OTTAWA -- Stepping through the doors into university can be an exciting time, it can also be jarring and some students may face stereotypes and barriers they never expected. However, one 2020 graduate faced those challenges to overcome adversity, making his voice heard on a world stage.

When Prime Minister Justin Trudeau delivered a commencement speech to graduates across the country, on June 10, he praised the class 2020.

“The choices you will make both big and small in the next few years will decide the future of our country and of our world and I cannot think of a generation better prepared to set us on the right path forward.

Before Canada’s prime minister addressed the country, the first of two, one English another in French, two university graduates were invited to do so first.

Lana El Sanyoura, a University of Toronto student who graduated with a degree in cognitive and computer science, and Jordan Gray of Carleton University.

Gray who is of both Black and Indigenous descent, spoke of the adversity he encountered and noted that at one point, he was not sure if he would make it to the end of his studies.

“It is not always easy to succeed when discretion within the academy and beyond favours those who are not Black, not Indigenous and not people of colour,” says Gray.

However, his dedication, excellence and perseverance is not only marked by a moment alongside a world leader, but has him graduating with one of Carleton University’s highest honours for an undergraduate. 

To get here, it was a self-taught lesson; not giving people the option to dictate what his story was going to be. Those words rooted in lessons he learned the day he entered through the doors of Carleton University, to earn his degree in global and international studies. Gray wanted to look at a global perspective, but first, he would have to look at university life.

“Never did people look like me who is born both Black and Indigenous,” he says. “I figured at that moment okay I’m going to have to work very hard and it wasn’t enough to be a student who wanted to learn I had to be excellent.”

Gray’s determination to carve out a place for himself in university lead him across the globe. Ten research projects in five countries, studies at the International Criminal Court in The Hague, Netherlands and research here in Canada.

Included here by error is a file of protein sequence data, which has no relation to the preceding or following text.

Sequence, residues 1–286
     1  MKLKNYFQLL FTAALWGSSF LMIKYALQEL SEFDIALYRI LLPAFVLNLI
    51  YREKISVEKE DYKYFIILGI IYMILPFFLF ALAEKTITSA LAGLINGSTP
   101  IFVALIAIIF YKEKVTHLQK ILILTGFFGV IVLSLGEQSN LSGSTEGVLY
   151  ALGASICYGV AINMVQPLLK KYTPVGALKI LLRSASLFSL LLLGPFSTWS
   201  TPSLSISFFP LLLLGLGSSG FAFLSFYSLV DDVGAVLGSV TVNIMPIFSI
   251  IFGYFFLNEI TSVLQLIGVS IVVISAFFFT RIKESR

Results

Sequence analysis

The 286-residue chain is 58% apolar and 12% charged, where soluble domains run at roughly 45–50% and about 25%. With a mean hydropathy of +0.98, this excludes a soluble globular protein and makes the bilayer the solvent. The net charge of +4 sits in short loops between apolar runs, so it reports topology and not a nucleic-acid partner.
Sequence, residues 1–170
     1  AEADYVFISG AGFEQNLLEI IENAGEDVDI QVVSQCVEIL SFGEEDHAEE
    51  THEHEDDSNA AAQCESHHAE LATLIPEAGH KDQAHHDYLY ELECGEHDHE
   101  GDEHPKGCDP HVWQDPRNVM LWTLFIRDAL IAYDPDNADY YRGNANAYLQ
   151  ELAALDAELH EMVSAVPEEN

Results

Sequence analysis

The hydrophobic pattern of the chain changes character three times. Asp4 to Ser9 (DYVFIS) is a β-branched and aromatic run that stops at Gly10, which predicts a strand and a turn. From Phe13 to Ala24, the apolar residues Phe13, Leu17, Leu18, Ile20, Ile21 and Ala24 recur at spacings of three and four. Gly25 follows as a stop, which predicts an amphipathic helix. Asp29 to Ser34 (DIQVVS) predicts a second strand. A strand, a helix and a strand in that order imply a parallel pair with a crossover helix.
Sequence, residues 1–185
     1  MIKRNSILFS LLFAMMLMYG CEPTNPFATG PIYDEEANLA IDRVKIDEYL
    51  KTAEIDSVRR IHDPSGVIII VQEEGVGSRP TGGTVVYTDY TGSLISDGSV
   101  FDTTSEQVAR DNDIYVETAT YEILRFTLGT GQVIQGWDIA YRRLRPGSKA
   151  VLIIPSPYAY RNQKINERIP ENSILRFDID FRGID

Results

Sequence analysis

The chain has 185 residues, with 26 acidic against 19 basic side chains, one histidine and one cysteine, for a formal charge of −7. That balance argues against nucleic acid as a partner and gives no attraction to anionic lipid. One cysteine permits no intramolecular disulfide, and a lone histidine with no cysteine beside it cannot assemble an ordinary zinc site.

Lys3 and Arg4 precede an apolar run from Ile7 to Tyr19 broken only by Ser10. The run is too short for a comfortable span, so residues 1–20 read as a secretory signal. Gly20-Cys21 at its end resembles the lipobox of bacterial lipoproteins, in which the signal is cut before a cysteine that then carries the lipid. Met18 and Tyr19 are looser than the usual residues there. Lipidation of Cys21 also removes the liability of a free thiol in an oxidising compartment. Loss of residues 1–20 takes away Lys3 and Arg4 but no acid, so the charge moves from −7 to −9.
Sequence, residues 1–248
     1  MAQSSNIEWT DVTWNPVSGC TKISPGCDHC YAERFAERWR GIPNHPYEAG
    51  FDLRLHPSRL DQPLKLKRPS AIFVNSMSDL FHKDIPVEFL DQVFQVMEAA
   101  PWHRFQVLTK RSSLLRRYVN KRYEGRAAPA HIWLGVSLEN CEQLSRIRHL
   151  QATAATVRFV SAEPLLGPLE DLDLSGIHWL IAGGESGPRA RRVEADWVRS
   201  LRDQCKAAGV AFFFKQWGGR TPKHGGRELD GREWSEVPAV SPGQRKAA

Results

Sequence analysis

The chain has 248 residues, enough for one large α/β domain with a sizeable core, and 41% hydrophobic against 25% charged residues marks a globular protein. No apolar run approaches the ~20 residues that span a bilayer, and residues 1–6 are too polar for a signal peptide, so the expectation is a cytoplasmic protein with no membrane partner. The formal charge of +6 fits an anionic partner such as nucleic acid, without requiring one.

“My very first research project was in Mi’kma’ki the land of the Mi’kmaq, was also the people I descend from and I got to go to travel around the east cost and learn and study.”

Gray’s an awarded scholar and Carleton University’s first student to attend the World Congress on undergraduate research. Gray’s pinnacle, his project on Indigenous languages and its need for preservation. Research that gained him an opportunity in New York City, to speak at the United Nations.

“I thought in that moment it was all worth it everything I had gone through up to that point to get to that point while I was speaking there at the United Nations to the president of the General Assembly in a room full of people. I said wow my voice matters and people like me matter and what we have to say matters.”

Standing next to the prime minister and delivering a speech to the graduating nation of 2020 was never in Gray’s plan. He says, sometimes that is just life. 

“Even despite everything that is going on at this current moment people all over the country are taking the time to actually celebrate and acknowledge and appreciate what we all have done,” Gray says.

“We can make it to the end people who look like me and more importantly people who look like them, can walk across the stage and be celebrated for how they think and how they speak and when they make it to the end, know that people like me were waiting on the other end for them to join us.”